In 2011, Green For All worked with the members of our National Working Group on Green Re-entry to develop a groundbreaking report highlighting a unique opportunity to transition people from prisons and jails into sustainable careers in a burgeoning green economy. Nearly ten years later, the Dream Corps and its programs Green For All, #cut50, and TECH are working across silos and geographies to break the cycle of recidivism, close prison doors, and open doors of opportunity in the green economy and technology for people of color and low-income communities across the country.
Recently, Green For All teamed up with UCLA’s Institute of Environment and Sustainability (IoES) to produce Facilitating Reentry of Justice-Involved Individuals into the Workforce, an updated examination of new opportunities and challenges to unlock employment prospects for people returning to communities after incarceration.
Based on extensive interviews with reentry programs, employers, unions, and formerly incarcerated individuals, the report provides a set of key recommendations on best practices and policies to reduce barriers to employment and sustainable livelihoods.
Our fact sheet builds off of these case studies and best practices to inform policymaking at the federal, state, and local levels.
As a society, we have over-invested in criminal justice and dirty fuels, and under-invested in Black and Brown communities.
Environmental racism means these communities suffer the most from pollution and the climate crisis, while often benefiting the least from the growing clean economy. But what would it look like if we connected justice-involved people, those who have been arrested, convicted and/or incarcerated, to apprenticeship programs, job training and job placement in the green economy?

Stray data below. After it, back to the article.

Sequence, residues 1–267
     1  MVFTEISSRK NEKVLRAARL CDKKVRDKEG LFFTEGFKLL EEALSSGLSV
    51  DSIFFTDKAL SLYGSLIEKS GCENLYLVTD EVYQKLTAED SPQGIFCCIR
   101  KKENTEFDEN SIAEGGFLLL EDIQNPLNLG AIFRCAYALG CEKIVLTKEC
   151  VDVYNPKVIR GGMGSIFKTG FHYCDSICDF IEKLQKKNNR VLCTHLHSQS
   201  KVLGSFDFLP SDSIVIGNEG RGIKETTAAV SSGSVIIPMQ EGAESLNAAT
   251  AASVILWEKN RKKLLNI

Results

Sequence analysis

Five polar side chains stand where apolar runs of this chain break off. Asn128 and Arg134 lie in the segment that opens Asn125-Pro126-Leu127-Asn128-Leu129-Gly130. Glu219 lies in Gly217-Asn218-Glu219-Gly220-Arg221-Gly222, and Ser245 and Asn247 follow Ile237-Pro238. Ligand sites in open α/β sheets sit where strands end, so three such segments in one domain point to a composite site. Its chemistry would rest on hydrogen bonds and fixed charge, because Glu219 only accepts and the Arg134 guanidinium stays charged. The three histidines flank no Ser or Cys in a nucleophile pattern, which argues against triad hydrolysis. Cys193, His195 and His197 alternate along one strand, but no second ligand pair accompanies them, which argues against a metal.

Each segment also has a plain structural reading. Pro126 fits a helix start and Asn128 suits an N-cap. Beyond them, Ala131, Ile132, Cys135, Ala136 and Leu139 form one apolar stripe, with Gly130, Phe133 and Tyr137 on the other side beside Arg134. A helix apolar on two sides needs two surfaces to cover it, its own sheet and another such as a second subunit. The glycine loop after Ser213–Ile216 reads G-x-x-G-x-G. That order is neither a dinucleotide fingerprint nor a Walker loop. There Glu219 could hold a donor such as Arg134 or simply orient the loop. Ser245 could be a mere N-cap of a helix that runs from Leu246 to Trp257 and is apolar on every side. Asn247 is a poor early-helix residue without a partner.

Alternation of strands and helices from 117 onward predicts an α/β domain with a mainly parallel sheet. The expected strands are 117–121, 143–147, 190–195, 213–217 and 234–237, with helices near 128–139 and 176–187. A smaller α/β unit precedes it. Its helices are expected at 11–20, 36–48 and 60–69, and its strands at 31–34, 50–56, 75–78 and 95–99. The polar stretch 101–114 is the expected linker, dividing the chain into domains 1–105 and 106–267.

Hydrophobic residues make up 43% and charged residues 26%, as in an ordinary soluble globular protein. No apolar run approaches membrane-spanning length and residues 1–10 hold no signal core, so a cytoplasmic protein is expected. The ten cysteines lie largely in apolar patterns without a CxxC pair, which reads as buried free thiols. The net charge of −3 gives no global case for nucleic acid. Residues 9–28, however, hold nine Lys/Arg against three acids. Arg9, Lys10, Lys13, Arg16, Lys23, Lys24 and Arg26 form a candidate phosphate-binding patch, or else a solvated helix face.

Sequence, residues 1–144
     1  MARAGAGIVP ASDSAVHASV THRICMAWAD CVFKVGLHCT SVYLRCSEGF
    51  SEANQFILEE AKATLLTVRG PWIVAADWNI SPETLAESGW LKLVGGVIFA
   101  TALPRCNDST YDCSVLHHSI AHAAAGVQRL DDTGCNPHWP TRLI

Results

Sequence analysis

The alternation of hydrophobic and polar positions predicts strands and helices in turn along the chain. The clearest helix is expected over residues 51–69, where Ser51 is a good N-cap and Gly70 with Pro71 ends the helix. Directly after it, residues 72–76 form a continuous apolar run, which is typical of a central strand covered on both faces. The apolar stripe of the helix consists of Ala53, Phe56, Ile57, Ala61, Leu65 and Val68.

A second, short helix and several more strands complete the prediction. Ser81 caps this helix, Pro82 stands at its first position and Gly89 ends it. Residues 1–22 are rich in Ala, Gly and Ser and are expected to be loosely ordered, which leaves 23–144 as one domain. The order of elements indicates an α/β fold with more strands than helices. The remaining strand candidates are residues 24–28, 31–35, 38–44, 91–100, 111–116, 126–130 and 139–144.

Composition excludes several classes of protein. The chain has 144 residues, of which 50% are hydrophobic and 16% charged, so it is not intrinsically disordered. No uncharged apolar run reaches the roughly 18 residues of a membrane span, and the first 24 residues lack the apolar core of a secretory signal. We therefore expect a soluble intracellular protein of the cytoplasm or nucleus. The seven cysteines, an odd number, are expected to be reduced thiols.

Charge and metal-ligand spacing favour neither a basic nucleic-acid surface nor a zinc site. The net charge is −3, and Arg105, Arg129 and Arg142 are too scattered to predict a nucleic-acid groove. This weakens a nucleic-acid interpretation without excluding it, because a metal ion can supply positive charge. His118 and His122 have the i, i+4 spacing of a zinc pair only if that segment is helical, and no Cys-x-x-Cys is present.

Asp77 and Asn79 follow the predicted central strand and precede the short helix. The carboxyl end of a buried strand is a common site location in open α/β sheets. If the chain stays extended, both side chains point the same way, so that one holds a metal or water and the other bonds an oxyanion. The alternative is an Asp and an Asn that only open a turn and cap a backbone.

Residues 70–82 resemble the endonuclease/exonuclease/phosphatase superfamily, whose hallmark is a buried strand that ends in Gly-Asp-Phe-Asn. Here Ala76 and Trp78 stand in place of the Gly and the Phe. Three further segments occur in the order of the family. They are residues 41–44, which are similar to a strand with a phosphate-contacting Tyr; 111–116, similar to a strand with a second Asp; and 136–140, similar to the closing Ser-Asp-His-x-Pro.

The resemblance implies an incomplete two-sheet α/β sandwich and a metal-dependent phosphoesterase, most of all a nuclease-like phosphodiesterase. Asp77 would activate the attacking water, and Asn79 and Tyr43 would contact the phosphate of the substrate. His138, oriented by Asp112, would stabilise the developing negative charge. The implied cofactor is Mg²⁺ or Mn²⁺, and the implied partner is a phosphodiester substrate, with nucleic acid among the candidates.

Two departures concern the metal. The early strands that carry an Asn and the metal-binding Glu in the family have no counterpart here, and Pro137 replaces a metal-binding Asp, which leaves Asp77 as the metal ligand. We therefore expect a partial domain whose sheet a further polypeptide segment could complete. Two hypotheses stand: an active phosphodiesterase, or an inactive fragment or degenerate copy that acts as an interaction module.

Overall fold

Read our Fact Sheet
Policy Recommendations: Economic Recovery through Inclusive Green Job Opportunities
Our policy document provides actionable steps that Congress, local state and city governments and employers can take to put millions of people back to work in good paying green jobs, advances the United States’ transition to clean energy, and taps into the underutilized skills and resources of justice-involved people through significant investment in green jobs training.
Inclusive Federal Investment: Include and incentivize the hiring of people who were formerly incarcerated in federal programs and investments.
Green Jobs Curriculum In Anti-Recidivism Programming: Increase funding and expand the scope of anti-recidivism programming, such as programs included in the Second Chance Act, to include green jobs training and job placement.
Fund Wrap-Around Supportive Services: Fund wrap-around services that support a holistic approach to reentry including housing, childcare, job placement and mental health.
Expand Program Reach, Particularly In Rural Communities: Expand the geographic reach of federally funded programs to adequately serve formerly incarcerated people and benefit rural communities.
Remove Unnecessary Job Restrictions: Dismantle statutory, regulatory and employer-based restrictions that limit the types of jobs returning people can have.
The Moving Forward Act is a more than $1.5 trillion federal proposal to rebuild American infrastructure and invest in workers and communities across the country.
Nearly 40% of Americans live within three miles of a port, which puts them at higher risk of breathing toxic air pollution from diesel trucks, ships, trains, and cargo equipment. This legislation would move our ports into the 21st century by implementing zero-emissions technologies that reduce pollution while also creating good jobs for surrounding communities, including for people who are locked out of the high-wage jobs of the future simply because of their criminal record.
The Moving Forward Act is the bold roadmap we need to jumpstart a clean energy economy and tackle environmental injustice. The bill has passed the House, and face an uphill battle in the Senate, make sure your Senators hear from you.